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Rupert Murdoch may set the tone but Robert Thomson has the way with words. Last week, the News Corp (NYSE: NWS) chairman and CEO spoke out a…

Rupert Murdoch may set the tone but Robert Thomson has the way with words. Last week, the News Corp (NYSE: NWS) chairman and CEO spoke out against allowing Google (NSDQ: GOOG) and others “to steal all our copyrights.” Plain but emphatic. Thomson, editor-in-chief of Dow Jones and managing editor of the Wall Street Journal, not so plain but equally emphatic during an interview with The Australian:

– “There is a collective consciousness among content creators that they are bearing the costs and that others are reaping some of the revenues — inevitably that profound contradiction will be a catalyst for action and the moment is nigh. There is no doubt that certain websites are best described as parasites or tech tapeworms in the intestines of the internet.”

– “Google argues they drive traffic to sites, but the whole Google sensibility is inimical to traditional brand loyalty. Google encourages promiscuity — and shamelessly so — and therefore a significant proportion of their users don’t necessarily associate that content with the creator.”

In a second article, The Australian –a News Corp. paper — looked at WSJ.com‘s progress as a News Corp. property. Thomson spoke of repurposing content across new sites and mobile devices:

– “So an Indian audience will be interested in what’s happening in Asia, and commodity prices as well, as India imports 70 per cent of its oil. So we are repurposing the same collection of content and the cost of that is minimal — just a couple of extra people — but the benefit to readers and the potential advertising upside is endless.” He predicts the online Journals (recently launched editions include India and Egypt) will be a “global powerhouse” in a year.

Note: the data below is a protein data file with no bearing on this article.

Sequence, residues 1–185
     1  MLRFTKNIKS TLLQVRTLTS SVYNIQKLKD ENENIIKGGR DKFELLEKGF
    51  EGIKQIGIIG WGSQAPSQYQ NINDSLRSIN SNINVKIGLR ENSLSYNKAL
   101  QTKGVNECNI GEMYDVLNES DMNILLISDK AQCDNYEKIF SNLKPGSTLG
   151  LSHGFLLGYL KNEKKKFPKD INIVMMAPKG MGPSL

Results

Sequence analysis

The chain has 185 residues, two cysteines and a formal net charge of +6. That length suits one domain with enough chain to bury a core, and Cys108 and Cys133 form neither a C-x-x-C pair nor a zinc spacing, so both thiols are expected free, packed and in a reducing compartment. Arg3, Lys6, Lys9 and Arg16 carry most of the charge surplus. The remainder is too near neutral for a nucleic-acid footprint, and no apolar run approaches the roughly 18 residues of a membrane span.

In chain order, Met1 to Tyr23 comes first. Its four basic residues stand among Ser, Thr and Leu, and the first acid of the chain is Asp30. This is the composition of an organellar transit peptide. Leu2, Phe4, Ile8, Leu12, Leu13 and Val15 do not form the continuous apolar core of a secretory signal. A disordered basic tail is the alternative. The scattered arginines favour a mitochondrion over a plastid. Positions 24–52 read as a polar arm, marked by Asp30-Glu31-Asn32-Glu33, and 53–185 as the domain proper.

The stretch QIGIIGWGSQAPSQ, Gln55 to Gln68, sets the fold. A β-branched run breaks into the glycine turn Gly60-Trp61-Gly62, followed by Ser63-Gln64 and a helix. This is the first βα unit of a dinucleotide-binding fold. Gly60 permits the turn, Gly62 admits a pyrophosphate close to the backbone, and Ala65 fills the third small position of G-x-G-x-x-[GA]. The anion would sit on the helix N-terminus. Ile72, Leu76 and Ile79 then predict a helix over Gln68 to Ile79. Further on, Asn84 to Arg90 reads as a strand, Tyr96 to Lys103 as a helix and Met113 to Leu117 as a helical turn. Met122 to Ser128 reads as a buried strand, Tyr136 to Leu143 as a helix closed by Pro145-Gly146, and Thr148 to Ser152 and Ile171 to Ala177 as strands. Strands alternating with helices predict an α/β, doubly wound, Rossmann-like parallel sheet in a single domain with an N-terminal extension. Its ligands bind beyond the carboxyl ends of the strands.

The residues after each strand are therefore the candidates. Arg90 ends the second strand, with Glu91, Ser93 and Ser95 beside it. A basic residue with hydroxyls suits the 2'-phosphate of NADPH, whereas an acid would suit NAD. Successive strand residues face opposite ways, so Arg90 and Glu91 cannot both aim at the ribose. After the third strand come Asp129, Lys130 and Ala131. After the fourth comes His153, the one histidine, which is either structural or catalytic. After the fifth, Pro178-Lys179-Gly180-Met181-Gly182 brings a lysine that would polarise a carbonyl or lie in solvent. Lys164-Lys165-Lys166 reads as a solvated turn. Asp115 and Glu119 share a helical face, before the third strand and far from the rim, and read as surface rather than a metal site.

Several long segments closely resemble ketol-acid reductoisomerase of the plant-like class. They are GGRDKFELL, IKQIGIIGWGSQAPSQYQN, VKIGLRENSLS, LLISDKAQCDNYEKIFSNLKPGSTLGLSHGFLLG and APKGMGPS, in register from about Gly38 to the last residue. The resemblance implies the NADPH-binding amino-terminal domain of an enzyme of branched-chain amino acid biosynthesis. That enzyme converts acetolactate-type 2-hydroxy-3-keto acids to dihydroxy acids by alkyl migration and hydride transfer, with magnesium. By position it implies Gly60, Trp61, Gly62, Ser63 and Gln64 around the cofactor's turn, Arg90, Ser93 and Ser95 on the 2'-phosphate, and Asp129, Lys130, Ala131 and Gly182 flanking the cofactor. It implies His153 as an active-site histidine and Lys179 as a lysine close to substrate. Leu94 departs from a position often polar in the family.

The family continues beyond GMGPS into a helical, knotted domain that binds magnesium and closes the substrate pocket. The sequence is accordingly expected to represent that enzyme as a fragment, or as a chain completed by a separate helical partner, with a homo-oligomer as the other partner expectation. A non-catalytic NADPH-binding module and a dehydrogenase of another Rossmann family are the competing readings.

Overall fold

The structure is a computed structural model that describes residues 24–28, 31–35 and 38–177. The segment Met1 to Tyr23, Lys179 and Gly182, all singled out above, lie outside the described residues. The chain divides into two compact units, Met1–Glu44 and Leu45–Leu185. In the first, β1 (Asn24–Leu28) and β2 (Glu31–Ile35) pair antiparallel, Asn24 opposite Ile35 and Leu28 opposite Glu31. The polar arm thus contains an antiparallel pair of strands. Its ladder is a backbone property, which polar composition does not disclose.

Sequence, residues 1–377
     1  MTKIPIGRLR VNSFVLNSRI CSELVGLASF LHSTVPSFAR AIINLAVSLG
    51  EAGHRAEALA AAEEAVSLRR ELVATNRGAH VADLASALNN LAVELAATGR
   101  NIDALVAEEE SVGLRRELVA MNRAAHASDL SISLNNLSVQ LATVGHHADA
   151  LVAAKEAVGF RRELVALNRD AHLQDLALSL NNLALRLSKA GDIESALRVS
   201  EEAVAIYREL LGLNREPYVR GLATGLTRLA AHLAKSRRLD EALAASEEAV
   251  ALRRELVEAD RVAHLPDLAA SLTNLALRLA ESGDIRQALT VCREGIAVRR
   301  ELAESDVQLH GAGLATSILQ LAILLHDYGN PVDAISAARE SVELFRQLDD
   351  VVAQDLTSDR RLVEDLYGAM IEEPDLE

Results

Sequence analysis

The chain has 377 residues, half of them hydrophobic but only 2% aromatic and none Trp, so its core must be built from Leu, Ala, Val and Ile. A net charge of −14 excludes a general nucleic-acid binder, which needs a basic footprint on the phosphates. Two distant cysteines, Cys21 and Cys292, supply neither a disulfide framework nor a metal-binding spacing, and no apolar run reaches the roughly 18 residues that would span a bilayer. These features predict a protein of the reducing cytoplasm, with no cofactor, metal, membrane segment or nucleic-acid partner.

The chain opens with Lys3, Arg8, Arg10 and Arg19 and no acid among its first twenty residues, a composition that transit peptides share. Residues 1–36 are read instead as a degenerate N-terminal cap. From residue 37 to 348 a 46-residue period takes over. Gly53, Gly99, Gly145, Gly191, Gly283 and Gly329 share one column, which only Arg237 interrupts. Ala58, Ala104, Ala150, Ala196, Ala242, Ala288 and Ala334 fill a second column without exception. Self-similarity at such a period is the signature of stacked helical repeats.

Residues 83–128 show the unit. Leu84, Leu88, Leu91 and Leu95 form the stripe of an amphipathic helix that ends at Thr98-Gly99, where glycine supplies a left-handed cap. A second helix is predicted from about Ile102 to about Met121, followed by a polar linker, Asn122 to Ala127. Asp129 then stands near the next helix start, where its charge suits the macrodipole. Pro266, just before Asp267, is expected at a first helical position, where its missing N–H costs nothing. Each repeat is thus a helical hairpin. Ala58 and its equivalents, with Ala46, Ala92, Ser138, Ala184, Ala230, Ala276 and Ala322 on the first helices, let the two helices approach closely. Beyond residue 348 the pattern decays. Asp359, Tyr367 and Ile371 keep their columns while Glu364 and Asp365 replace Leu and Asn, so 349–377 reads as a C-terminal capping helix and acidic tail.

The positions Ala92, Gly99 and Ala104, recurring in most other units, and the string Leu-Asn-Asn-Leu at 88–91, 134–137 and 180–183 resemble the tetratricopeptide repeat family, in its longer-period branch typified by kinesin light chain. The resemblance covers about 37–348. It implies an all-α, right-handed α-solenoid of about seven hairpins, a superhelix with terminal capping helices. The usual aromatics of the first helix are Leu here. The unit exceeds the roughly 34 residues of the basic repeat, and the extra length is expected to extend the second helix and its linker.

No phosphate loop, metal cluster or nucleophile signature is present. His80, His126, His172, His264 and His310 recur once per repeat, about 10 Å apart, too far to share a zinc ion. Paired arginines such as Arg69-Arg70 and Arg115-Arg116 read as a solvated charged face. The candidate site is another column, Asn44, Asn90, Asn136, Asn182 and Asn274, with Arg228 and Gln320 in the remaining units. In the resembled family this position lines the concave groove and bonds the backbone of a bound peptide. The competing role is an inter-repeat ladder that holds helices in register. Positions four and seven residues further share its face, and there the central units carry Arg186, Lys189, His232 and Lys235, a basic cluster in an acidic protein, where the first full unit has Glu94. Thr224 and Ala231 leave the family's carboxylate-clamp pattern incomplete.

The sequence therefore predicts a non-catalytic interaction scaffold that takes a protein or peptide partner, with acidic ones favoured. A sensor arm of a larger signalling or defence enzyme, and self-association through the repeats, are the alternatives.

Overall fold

– Thomson said micropayments have been discussed as one way to fund news but the micropayment systems have to be more sophisticated.

For those who might think we’ve quoted too extensively here, especially given the subject, trust me. There’s plenty more where this came from. And, yes, as far as I know, the timing of these comments with the Associated Press content-protection announcement was coincidental.

  1. I don't see how "loyalty" here makes sense for most news readers. What they in general want is timeliness, relevance, sufficient quality and trustworthiness. In the online market where papers across the world are vying for my attention, news is like a commodity and is equally well served by anyone.

    At least the same power that prevents some web users from being loyal to a single paper also prevent them from being loyal to a different one.

    I'd wish news corporations good luck, but I don't think that can help them now.

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  2. Curious: just how sophisticated to microtransaction systems have to be? I want content, I'll pay for it, just give me a way to do it. In over thinking this, aren't newspapers shooting themselves in the foot before the horse has even left the gate?

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